Government Expenditure Financing in an Endogenous Growth Model: A Comparison

By Palivos, Theodore; Yip, Chong K. | Journal of Money, Credit & Banking, November 1995 | Go to article overview

Government Expenditure Financing in an Endogenous Growth Model: A Comparison


Palivos, Theodore, Yip, Chong K., Journal of Money, Credit & Banking


Recently there has been a renewed interest in issues of economic growth. The primary contribution of the new literature, pioneered by Romer (1986), Lucas (1988), and Rebelo (1991), has been to endogenize the growth rate of the economy and, in so doing, to promote our insights on the sorts of economic policies that can enhance the growth performance. One strand of the endogenous growth literature, in particular, examines the role of fiscal policy (especially taxation) in the growth process (see, for example, Barro 1990, King and Rebelo 1990, Alogoskoufis and Ploeg 1991, and Rebelo 1991) while another tries to identify mechanisms through which changes in monetary policy might influence economic growth (see Mino 1991, Ploeg and Alogoskoufis 1994, Jones and Manuelli 1993, and Wang and Yip 1993).

Drawing on both strands, this paper attempts to answer the following question. How should a government finance an expenditure path? Should it use fiscal (raise taxes) or monetary methods (issue money)? The answer to this question is crucial since any government considering existing or new spending programs must decide on how to raise the necessary revenue. It is well understood in the public finance/ macroeconomics literature that different government financing methods may have different effects on the aggregate economy (see, for example, Haliassos and Tobin 1990). Within the endogenous growth paradigm the issue becomes even more important since various economic policies have different impacts not only on the level of output but also on its growth rate.(1)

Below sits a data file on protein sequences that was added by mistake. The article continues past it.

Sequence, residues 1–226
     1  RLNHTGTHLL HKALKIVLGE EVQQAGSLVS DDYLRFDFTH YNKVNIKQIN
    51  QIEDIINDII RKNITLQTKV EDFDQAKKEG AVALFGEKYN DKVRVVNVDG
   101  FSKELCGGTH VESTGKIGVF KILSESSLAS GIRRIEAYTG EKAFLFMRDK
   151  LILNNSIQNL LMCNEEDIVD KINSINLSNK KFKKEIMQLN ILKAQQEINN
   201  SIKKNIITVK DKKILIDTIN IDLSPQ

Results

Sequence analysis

Turnovsky (1992) examines the impact of different methods of government expenditure financing in a Ramsey-Cass economy. Ploeg and Alogoskoufis (1994), on the other hand, develop an endogenous growth model with noninterconnected overlapping generations to examine the effects on growth and inflation of lump-sum-tax-financed, debt-financed, and money-financed increases in government consumption. Finally, Cooley and Hansen (1992) calibrate a real business cycle model and estimate the benefits of replacing a capital tax by other forms of taxation.

In this paper, we utilize a simple monetary endogenous growth framework to assess the relative merits of alternative modes of expenditure financing. We emphasize the transactional role of money via a generalized cash-in-advance or liquidity constraint. More specifically, we require that all consumption purchases but, different from Stockman (1981), only a fraction of investment purchases be made using cash. As long as that fraction is positive, money has real effects. In particular, an increase in the money growth rate will decrease the expansion rate of the economy.(2)

Following the differential tax incidence approach, we compare the growth and welfare effects of a permanent increase in government expenditure-income ratio under two alternative modes of financing: an increase in the income tax rate and an increase in the nominal money growth rate (seigniorage or inflation tax). The policy experiment we conduct is as follows. The government tries to maintain a continuously balanced budget or equivalently a constant share of government expenditure in GNP.(3) In particular, in each of the two financing policies the corresponding tax rate is endogenously determined to finance the given expenditure/income ratio, while the other tax rate is set to zero to facilitate comparison. Unlike Barro (1990), the services provided by the government are assumed not to enter households' utility or production functions. Although this affects the level of the growth rate and hence of welfare, it does not affect the relative ranking of alternative financing methods.

First, we derive some results regarding the growth and inflation rates under alternative financing schemes. Not only are these results interesting in their own right, but they are also used in the welfare analysis of different policies. We find, not surprisingly, that an increase in seigniorage or in the income tax rate decreases the growth rate of the economy. …

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